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Down Syndrome - Term Paper Example

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Down syndrome Date Abstract Down syndrome is a medical problem characterized by different impairment degrees in communication and social interaction skills, as well as stereotyped, repetitive, and restricted behavior patterns…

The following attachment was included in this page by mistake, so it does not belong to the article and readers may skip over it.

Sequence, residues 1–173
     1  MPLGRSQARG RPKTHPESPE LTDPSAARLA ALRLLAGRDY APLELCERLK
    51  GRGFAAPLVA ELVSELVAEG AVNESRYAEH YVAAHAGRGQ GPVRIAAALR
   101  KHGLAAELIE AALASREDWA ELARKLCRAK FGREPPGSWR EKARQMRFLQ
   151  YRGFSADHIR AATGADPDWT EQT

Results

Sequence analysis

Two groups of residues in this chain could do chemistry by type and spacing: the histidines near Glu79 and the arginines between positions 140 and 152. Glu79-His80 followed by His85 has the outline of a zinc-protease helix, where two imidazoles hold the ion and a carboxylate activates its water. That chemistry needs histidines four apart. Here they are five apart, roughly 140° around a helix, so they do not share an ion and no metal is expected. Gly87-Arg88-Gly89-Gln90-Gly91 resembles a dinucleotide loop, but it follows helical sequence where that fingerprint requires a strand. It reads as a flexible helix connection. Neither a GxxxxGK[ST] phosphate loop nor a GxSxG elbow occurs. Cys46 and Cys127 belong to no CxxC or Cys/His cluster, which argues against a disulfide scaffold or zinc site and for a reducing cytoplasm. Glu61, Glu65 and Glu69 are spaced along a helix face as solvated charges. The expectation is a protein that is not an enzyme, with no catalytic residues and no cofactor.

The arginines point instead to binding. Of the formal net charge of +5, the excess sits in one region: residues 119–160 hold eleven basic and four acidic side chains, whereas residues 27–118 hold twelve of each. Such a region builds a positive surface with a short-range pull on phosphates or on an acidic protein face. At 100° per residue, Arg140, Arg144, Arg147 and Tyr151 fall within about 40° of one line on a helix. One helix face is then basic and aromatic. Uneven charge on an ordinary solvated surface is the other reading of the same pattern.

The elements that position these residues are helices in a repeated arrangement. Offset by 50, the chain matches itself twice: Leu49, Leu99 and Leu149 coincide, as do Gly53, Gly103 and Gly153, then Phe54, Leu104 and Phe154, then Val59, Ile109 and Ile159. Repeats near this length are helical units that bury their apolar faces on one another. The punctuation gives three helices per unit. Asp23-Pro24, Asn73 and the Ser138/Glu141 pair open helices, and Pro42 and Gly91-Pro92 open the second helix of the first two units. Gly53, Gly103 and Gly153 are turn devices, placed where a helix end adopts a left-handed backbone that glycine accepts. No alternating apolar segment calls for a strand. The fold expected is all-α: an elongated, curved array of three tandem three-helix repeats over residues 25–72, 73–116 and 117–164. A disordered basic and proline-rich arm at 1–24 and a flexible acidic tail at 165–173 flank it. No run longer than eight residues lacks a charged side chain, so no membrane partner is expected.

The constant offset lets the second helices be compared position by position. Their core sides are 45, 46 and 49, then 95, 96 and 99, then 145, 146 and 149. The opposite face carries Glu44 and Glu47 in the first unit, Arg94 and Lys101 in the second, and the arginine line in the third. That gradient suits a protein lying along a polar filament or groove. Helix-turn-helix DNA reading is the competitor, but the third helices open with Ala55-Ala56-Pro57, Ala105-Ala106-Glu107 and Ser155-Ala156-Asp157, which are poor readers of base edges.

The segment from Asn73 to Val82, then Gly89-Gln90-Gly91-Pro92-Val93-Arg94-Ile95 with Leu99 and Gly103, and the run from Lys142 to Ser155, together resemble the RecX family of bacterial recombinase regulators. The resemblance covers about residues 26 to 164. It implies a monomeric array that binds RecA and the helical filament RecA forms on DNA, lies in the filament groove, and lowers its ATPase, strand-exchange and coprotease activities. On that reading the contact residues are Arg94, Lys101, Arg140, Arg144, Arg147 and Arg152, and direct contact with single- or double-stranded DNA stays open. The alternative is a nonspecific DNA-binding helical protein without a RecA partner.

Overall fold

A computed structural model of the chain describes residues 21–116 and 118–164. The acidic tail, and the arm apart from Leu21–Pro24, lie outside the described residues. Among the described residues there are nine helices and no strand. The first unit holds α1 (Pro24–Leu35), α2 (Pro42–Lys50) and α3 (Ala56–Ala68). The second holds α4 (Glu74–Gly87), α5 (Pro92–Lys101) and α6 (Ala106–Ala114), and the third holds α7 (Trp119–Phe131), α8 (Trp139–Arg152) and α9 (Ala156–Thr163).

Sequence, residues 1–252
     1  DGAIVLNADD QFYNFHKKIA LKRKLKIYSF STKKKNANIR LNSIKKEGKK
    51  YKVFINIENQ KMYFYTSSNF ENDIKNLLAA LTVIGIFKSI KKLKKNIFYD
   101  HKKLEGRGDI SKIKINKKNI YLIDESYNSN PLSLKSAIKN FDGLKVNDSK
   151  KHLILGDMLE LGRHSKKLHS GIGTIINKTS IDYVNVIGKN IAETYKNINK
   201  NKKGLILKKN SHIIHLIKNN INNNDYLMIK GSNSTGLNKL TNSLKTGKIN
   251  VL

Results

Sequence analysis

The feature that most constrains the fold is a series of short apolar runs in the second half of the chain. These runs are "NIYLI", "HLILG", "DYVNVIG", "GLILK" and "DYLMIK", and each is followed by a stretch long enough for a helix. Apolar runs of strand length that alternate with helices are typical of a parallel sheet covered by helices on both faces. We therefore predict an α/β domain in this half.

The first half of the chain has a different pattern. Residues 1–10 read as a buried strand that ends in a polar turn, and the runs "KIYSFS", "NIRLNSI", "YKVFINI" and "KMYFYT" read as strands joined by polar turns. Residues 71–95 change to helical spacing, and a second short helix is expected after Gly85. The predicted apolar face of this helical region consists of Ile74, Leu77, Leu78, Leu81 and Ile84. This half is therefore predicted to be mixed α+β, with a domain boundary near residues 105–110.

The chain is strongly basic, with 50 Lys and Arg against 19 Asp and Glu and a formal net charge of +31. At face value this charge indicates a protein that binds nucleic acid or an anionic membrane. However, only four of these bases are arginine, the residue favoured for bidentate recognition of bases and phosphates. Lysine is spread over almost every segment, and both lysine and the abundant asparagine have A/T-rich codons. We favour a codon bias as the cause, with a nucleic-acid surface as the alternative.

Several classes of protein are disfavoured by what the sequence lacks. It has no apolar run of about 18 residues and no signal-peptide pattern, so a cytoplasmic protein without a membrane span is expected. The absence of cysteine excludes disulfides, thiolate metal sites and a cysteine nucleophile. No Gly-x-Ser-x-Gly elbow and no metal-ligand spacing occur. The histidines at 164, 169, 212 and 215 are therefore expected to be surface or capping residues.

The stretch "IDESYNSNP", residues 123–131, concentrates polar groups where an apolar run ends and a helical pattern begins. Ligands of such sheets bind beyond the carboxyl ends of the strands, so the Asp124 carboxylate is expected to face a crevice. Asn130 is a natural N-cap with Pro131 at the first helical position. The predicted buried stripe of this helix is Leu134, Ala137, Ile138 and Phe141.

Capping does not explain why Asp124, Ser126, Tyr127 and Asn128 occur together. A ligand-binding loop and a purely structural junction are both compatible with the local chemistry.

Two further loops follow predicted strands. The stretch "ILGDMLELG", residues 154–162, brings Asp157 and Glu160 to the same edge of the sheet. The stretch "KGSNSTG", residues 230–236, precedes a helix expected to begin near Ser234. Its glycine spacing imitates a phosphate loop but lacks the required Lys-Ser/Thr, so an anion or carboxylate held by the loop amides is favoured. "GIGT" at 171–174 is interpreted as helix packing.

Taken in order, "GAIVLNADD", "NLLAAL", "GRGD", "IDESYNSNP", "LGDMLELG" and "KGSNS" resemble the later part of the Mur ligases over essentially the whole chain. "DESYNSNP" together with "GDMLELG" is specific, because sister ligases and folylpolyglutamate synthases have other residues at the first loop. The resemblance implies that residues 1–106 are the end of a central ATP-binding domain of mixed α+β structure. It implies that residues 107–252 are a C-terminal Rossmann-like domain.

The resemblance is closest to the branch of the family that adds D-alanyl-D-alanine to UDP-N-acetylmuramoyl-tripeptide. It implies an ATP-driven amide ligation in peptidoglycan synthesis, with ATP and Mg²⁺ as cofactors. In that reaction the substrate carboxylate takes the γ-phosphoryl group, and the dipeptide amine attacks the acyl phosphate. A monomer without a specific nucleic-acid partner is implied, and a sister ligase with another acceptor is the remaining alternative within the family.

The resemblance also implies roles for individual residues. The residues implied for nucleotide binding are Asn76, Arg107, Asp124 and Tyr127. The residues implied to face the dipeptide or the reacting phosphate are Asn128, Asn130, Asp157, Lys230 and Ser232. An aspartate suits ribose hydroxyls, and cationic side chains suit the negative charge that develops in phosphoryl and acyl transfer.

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Down syndrome Down syndrome is a medical problem characterized by different impairment degrees in communication and social interaction skills, as well as stereotyped, repetitive, and restricted behavior patterns. Most of the children affected by this condition are not able to combine words into meaning by normal age, and in some cases others are able either to repeat same phrases or words over and over or just speak single words only. A number of studies have indicated that Down syndrome can affect considerably the progress of children in their social, academic, and personal development especially within a standard environment where other normal children are growing and developing in. It is against this background that this paper seeks to understand this problem especially in regard to nursing management and available community resources. Introduction Down syndrome is a genetic disorder which results to lifelong pathophysiological problems including developmental delays and mental retardation. It is a condition in which an individual is born with an extra chromosome 21 copy (Dykens, 2007). Individuals suffering from this condition tend to have intellectual disabilities, as well as physical problem. Also, they may have other health problems such as dementia, heart disease, hearing problems, problems with eyes, skeleton, thyroid and intestines among others. It should be noted that the severity of Down syndrome varies and therefore developmental problems usually range from moderate to serious (Selikowitz, 1997). Various studies have shown that increased understanding of this condition, as well as early interventions can make a big difference in the lives of those affected by it. Although this condition cannot be cured, early treatment programs and measures can significantly help in improving the skills of those affected. These programs and measures may include occupational, educational, physical, and/or speech therapy. When those suffering from this condition are provided with treatment and support, they can live productive and happy lives (Underwood, 2004). It is important to understand the main causes of this condition and its symptoms as well. Normally, human cells contain 23 pairs of chromosomes; one chromosome in each pair is from the father, and the other chromosome is from the mother. When one of three forms of abnormal cell division that involves chromosome 21 occurs, it results to Down syndrome (Dykens, 2007). All the three abnormalities of cell division cause extra genetic material from chromosome 21 that is responsible for the characteristic developmental problems and features of Down syndrome. Generally, the three genetic variations that result to Down syndrome are: Mosaic Down Syndrome, Trisomy 21, and Translocation Down syndrome. It is worth noting that there are no known environmental or behavioral factors that cause Down syndrome. Also, it should be noted that this condition is not inherited and that it is caused by a cell division mistake during the development of the embryo, sperm or egg (Selikowitz, 1997). People affected by Down syndrome have a distinct facial appearance; although not all of them have similar features, there are some of the more common features. Some of the common features of Down syndrome include flattened facial features; protruding tongue; unusually shaped ears; small head; upward slanting eyes; and short neck (Underwood, 2004). Also, people with Down syndrome may have: excessive flexibility; poor muscle tone; relatively short fingers; short, broad hands with a single crease in the palm. While infants with Down syndrome may be of average size, they typically remain shorter and grow slowly compared to other children of the same age. Generally, developmental milestones, such as crawling and sitting, happen at nearly twice the age of normal children (Dykens, 2007). Although this condition cannot be cured, there is a number of nursing management programs that can help those with this condition to live productive and relatively normal lives. Actually, it has been proven that children, who are provided with better management of this condition often graduate from high school, participate in college or university education and can even get paid work (Selikowitz, 1997). Management of this condition include strategies such as screening for common problems, providing a conducive family and learning environment, early childhood intervention, medical treatment when prescribed, as well as occupational, educational, physical, and/or speech therapy. Cognitive development is considered as a good management strategy for persons with Down syndrome. Since most of people with this condition tend to have hearing problem and language learning problems among other linguistic and interaction skills problems, early cognitive development intervention can enhance their communication and interaction skills (Dykens, 2007). This strategy can entail language assessments to help profile weaknesses and strengths; individualized speech therapy in order to enhance speech intelligibility; and application of alternative and augmentative communication methods to aid communication among people with Down syndrome. In addition, plastic surgery can be performed on persons with Down syndrome, with the assumption that it can minimize the facial features relating to this condition and thus reduce social stigma, and in turn leading to a better and improved life quality (Underwood, 2004). Finally, considering that some families and children find it difficult to cope with Down syndrome and some problems associated with it, it is important that community resources should be made available to help them in coping with this condition. There should be adequate and easy access to good health care within a community, including availability of a range of different (Dykens, 2007). Besides, community should have resources that are essential in early intervention programs to provide assistance and support for parents and children. Additionally, there should be support and education groups that are providing help and information for families, friends, and parents who have members with Down syndrome. Availability of such community resources will go a long way in helping those with Down syndrome to develop into fulfilled and healthy individuals who are able to achieve a level of independence (Underwood, 2004). References Dykens EM (2007). "Psychiatric and behavioral disorders in persons with Down syndrome". Ment Retard Dev Disabil Res Rev 13 (3): 272–78 Selikowitz, M (1997). Down Syndrome: The Facts (2nd ed.). Oxford, UK: Oxford University Press. Underwood, J. (2004). General and Systematic Pathology (4th ed.). Edinburgh: Churchill Livingstone. Read More